The tracery design at Binham has always been regarded as both unique and enigmatic. It’s appearance in a remote corner of Norfolk, decades before it was adopted elsewhere in the country, has led to architectural historians questioning its legitimacy. In addition, the design can be seen to have been changed part way through construction, making the master-masons original intentions even more tantalising. It has even been suggested that the design was not the groundbreaking work of the 1220s or 1230s but a later construction. However, the discoveries made by members of the Norfolk Medieval Graffiti Survey are likely to raise the tempo of debate further still.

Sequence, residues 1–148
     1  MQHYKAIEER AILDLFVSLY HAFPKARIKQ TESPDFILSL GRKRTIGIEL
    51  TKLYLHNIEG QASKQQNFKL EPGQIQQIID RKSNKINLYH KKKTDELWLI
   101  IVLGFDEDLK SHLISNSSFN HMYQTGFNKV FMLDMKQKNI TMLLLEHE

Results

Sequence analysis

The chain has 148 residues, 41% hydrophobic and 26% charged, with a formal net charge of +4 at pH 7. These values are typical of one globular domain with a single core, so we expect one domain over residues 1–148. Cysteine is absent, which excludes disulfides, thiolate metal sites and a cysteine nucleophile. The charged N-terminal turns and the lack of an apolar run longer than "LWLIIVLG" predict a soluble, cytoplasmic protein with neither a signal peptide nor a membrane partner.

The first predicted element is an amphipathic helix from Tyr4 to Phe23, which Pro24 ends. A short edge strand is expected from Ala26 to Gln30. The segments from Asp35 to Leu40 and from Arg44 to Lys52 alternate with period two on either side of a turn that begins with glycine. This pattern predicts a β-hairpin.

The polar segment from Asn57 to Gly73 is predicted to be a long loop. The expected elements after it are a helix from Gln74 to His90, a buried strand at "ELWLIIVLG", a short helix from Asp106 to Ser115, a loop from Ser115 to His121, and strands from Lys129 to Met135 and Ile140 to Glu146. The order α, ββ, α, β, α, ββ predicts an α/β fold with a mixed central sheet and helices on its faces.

Whilst undertaking a preliminary examination of the site prior to a full-scale volunteer led survey, NMGS Project Director, Matthew Champion, uncovered a series of massive graffiti inscriptions that appear to be the master-masons original working drawings for the West Front of the Priory Church. The inscriptions, which are etched into the very stonework of the walls, appear to be scaled architectural drawings that show the actual planning and design process undertaken by the medieval craftsmen. The largest of the inscriptions so far discovered is over 8 feet (2.4 metres) tall and was inscribed using dividers, compasses and square edges to a consistent scale. “It was difficult to believe what I was seeing at first”, states Matthew Champion, “as it was on such a large scale. Most graffiti inscriptions tend to be relatively small and modest. This was just so big that it wasn’t really possible to see exactly what I was until we had surveyed the whole wall surface. We could see it was a tracery pattern but, it was only after we had carried out the measured survey that we realised it related to the West Front. Large parts of the inscription are still impossible to see”, continues Champion, “as they are beneath large fragments of a surviving 14th century paint scheme. There’s an awful lot more there that we simply can’t get at”.